Paul Gauguin (1848-1903)
These lots have been imported from outside the EU … Read more PROPERTY FROM A PRIVATE ENGLISH COLLECTION 
Paul Gauguin (1848-1903)

La maison blanche

Paul Gauguin (1848-1903)
La maison blanche
signed and dated 'P Gauguin 85' (lower left)
oil on canvas
29.3/8 x 23.5/8 in. (74.6 x 60 cm.)
Painted in 1885
Private collection, France.
Richard Semmel, Berlin.
Alex. Reid & Lefevre, London
The 2nd Lord Hollenden, Leigh, Kent, by whom acquired from the above on 4th April 1935.
Alex. Reid & Lefevre, London, by whom acquired from the above.
The 9th Earl of Jersey, Jersey, by whom acquired from the above on 25th May 1943 and thence by descent to the present owners; offered following a settlement agreement with the heirs of Richard Semmel.
Probably O. Maus, ‘Les Vingtistes parisiens’, in L’Art moderne, 27 June 1886, p. 204 (titled 'Le Château').
‘Berliner Kunstausstellung’, in Kunst und Künstler, vol. XXVII, 1928 (illustrated p. 72).
A. Alexandre, Gauguin, Sa vie et le sens de son oeuvre, Paris, 1930 (illustrated p. 17; titled 'Saint-Cloud ou Chaville').
M. Malingue, Gauguin, Le peintre et son oeuvre, London, 1948 (illustrated pl. 102; titled 'La Maison').
G. Wildenstein, Gauguin, Paris, 1964, no. 165 (illustrated p. 62; titled 'Saint-Cloud ou Chaville').
L. van Dowski, Paul Gauguin oder Die Flucht vor der Zivilisation, Zurich, 1950, no. 64, p. 340.
R. Berson, The New Painting, Impressionism 1874-1886, vol. II, San Francisco, 1996, no. VIII-49, p. 243.
D. Wildenstein, Gauguin, Premier itinéraire d’un sauvage – Catalogue de l’oeuvre peint, vol. 1, 1873-1888, Paris, 2001, no. 183 (illustrated p. 220).
Probably Paris, 1 rue Lafitte, 8e exposition de peinture impressionniste, 1886, no. 49 (titled 'Le Château de l’Anglaise').
Berlin, Galerie Thannhauser, Gauguin, 1928, no. 12 (titled 'Haus in Bäumen').
Special notice
These lots have been imported from outside the EU for sale using a Temporary Import regime. Import VAT is payable (at 5%) on the Hammer price. VAT is also payable (at 20%) on the buyer’s Premium on a VAT inclusive basis. When a buyer of such a lot has registered an EU address but wishes to export the lot or complete the import into another EU country, he must advise Christie's immediately after the auction.

Brought to you by

Adrienne Everwijn-Dumas
Adrienne Everwijn-Dumas

Lot Essay

La maison blanche was painted during Paul Gauguin's stay in Dieppe during the Summer of 1885, at a pivotal moment in his life and his career. This was an incredibly productive period, a final flush of Impressionism, coming only the year before his first stay in Brittany, which would soon see him take a very different path and move towards his Synthetist aesthetic. In this light, it is only too appropriate that La maison blanche may have appeared, under the title Le château de l'Anglaise, in the eighth and final Impressionist exhibition - the first in which Gauguin had shown his work. It seems all the more likely that this picture was shown then if, as Richard Brettell suggested, the other contender for that title, which appears to show the same building in the background, was in fact exhibited as Près de la ferme; that work was formerly in the Portland Art Museum (see R. Brettell & A.B. Fonsmark, Gauguin and Impressionism, exh. cat., Fort Worth & Copenhagen, 2005, p. 264; also D. Wildenstein, Gauguin, Prémier itinéraire d'un sauvage, Catalogue de l'oeuvre peint, vol. I, 1873-1888, Paris, 2001, p. 221).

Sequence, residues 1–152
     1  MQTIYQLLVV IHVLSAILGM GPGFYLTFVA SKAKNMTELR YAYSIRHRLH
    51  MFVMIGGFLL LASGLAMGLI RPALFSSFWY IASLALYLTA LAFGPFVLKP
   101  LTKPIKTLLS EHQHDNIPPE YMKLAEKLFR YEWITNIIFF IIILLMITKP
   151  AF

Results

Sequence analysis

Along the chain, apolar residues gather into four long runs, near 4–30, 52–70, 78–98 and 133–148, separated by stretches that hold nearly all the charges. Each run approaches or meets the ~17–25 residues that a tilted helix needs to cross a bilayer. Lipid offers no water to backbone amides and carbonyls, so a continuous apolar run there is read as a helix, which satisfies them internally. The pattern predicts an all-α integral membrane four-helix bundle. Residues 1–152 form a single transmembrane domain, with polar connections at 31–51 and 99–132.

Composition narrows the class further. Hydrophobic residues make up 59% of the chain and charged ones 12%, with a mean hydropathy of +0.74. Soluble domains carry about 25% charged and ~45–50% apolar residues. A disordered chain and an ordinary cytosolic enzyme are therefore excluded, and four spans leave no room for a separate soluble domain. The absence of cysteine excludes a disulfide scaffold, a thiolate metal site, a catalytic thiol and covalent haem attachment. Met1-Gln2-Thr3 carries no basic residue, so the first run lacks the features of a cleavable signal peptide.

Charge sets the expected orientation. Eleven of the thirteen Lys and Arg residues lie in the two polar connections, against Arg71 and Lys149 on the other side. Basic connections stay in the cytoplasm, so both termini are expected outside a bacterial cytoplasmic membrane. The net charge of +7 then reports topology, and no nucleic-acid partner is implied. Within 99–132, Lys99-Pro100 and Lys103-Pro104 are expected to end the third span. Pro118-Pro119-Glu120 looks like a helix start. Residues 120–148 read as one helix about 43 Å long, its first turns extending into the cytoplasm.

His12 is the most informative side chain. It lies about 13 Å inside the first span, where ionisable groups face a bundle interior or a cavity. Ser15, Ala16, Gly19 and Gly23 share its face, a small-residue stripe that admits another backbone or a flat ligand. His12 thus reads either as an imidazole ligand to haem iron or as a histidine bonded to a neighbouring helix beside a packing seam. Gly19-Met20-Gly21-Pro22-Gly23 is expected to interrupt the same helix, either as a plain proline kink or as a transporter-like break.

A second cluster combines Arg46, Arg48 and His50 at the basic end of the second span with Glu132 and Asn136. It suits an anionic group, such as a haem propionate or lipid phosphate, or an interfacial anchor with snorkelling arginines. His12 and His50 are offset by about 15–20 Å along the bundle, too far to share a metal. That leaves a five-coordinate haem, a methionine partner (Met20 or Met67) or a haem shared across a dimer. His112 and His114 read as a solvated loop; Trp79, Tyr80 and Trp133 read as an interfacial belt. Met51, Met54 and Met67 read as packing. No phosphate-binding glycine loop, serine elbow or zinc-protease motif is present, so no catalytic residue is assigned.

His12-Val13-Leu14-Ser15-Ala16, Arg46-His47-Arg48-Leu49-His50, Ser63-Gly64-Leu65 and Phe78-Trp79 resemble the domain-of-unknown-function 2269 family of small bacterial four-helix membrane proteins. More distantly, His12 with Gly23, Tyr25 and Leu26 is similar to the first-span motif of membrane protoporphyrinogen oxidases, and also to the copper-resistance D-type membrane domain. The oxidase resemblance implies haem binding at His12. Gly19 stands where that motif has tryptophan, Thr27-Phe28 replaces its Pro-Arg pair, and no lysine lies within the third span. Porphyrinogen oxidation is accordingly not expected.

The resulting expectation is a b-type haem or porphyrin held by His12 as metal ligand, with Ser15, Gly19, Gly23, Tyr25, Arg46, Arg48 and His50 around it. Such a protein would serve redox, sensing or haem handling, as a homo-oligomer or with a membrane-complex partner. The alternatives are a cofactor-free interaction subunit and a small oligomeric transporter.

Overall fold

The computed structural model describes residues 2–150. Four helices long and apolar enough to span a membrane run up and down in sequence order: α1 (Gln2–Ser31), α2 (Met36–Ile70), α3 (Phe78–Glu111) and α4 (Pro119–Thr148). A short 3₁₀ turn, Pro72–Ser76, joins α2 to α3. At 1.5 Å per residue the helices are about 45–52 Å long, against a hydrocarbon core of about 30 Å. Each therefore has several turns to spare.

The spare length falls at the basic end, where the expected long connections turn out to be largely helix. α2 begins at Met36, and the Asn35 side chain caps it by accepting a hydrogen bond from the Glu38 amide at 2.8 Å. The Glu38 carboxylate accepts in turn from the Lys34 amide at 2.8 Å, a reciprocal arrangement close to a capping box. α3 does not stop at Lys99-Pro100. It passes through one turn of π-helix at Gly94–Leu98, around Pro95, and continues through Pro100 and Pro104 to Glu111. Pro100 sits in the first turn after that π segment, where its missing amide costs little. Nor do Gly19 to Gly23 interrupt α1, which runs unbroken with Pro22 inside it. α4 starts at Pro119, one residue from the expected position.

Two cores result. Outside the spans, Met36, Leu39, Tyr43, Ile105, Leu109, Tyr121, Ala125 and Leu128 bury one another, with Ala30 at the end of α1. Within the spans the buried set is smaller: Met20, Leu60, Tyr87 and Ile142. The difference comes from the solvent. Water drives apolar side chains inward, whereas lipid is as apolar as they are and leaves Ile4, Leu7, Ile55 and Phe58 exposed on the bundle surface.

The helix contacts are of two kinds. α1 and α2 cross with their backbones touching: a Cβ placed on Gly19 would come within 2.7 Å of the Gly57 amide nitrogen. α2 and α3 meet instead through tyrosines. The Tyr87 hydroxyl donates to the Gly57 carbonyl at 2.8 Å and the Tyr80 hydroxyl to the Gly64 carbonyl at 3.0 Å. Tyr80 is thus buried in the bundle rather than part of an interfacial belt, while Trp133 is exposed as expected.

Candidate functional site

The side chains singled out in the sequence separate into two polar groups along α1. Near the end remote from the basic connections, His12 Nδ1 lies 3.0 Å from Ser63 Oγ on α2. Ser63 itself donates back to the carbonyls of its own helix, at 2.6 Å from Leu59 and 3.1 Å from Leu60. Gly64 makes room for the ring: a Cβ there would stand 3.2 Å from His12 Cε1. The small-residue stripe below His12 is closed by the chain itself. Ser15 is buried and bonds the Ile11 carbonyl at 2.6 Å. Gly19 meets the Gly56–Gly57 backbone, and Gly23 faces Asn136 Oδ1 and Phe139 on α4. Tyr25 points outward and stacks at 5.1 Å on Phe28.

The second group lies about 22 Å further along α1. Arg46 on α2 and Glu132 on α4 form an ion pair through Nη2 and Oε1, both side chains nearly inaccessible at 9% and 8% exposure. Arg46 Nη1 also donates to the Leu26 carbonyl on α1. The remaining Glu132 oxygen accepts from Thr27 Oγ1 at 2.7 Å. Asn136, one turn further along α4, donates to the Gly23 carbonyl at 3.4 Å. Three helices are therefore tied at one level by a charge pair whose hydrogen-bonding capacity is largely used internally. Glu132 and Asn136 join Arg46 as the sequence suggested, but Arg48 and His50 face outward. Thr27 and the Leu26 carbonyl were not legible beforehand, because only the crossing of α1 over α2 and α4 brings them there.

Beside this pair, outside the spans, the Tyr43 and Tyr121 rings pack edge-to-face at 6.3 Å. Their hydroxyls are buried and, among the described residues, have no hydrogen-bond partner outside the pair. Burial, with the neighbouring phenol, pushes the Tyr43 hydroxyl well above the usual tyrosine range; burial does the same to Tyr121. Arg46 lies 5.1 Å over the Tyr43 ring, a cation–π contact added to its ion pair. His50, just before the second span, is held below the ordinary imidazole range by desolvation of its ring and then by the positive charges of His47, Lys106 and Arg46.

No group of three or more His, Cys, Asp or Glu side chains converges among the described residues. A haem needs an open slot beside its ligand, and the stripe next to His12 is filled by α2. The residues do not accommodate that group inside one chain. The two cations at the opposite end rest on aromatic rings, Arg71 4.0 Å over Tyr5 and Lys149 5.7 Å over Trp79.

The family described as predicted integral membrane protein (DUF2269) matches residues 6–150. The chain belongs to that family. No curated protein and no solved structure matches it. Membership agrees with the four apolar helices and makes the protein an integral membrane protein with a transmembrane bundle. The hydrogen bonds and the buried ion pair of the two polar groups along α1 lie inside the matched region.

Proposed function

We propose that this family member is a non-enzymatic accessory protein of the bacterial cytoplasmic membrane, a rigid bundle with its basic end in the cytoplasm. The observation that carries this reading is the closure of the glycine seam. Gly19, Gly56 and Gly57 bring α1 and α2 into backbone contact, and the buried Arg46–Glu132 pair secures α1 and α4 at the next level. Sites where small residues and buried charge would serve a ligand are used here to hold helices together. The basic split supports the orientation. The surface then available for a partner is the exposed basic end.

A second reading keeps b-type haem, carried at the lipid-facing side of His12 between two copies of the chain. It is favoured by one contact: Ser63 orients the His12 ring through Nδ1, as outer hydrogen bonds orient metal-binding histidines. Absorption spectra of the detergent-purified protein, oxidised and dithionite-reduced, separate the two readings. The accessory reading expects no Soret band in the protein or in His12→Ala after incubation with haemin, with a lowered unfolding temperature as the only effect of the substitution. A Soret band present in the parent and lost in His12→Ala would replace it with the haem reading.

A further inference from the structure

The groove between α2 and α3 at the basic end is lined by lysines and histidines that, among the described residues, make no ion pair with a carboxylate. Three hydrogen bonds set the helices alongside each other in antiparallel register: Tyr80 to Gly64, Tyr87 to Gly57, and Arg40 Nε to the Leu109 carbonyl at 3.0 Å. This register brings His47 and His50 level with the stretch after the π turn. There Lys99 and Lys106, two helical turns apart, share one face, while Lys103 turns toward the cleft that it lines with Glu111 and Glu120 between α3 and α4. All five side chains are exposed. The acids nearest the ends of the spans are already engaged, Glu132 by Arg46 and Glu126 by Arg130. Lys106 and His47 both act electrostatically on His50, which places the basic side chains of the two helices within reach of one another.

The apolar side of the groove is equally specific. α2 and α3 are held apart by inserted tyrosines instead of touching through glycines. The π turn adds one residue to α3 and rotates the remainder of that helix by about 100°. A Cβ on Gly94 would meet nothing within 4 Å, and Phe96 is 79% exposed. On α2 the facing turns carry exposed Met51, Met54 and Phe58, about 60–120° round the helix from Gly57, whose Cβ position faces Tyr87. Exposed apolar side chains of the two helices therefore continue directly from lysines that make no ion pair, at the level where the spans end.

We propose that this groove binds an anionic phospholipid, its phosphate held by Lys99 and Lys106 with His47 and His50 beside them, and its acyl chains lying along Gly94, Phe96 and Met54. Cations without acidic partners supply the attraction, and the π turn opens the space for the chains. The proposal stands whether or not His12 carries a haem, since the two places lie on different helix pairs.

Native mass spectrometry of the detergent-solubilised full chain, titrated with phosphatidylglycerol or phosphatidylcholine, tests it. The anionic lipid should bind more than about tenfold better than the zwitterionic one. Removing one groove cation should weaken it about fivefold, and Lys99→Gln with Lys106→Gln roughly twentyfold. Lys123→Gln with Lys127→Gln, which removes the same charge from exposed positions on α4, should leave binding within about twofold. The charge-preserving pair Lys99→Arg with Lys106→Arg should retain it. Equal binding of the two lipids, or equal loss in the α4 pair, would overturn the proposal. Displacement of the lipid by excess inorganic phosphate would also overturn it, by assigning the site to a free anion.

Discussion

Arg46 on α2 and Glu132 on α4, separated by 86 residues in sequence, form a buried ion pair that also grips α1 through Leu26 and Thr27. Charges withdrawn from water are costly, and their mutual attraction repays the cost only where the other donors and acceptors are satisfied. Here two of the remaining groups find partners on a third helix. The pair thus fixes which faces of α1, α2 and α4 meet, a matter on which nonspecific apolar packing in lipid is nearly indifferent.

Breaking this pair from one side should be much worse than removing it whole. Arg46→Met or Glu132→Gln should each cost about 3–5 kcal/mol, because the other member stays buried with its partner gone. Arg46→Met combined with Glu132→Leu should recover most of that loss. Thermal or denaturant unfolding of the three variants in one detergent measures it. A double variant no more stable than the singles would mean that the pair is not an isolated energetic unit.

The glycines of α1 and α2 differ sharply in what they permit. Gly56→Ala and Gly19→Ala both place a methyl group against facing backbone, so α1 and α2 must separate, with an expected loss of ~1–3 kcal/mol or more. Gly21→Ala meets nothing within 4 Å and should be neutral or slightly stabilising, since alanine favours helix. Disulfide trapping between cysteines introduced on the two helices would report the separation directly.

Gauguin went to Dieppe shortly after his return to France after the debacle of his stay in Copenhagen, where he had gone with his Danish wife Mette and their family. While in Copenhagen, tensions between the artist and his wife, her family and their acquaintances had come to a head, marking the beginning of a permanent rift between them. Gauguin had little money and took recourse to selling pictures, both his own and those of the artists he so admired which he had collected over the years during his time as a patron of Impressionism. Looking at La maison blanche, the importance of the works in his collection appears clear in the relationship between this composition and those of Paul Cézanne, several of whose works he owned. This is especially the case in the broken screen of trees through which the white house of the title, apparently typical of the locality, appears.

In September 1885, Gauguin wrote to his great mentor Camille Pissarro: 'I'm just back from Dieppe where I spent three months with a friend who put me up. Of course I did a lot of work but there were lots of obstacles given that it's a long way from the countryside which means motifs were rather lacking' (see ibid., p. 213). It is unknown why Gauguin made such a mystery of his movements in Dieppe during his campaign there, which lasted from June or July through to September. In the catalogue raisonné of his work, it has been suggested that the Englishwoman after whom one of his pictures, probably this one, was named may have played some role in his life or accommodation. He may have obfuscated the details of his hosts because they played some part in the conflict between him and his wife, or between other members of Mette's family (see ibid., p. 213). Nonetheless, during his time in Dieppe, Gauguin painted with incredible variety and enthusiasm, including a number of daring vertical landscapes such as La maison blanche, and exhibited several of these works at his first showing alongside the Impressionists, marking his own approval of them.

More from Impressionist/Modern Evening Sale

View All
View All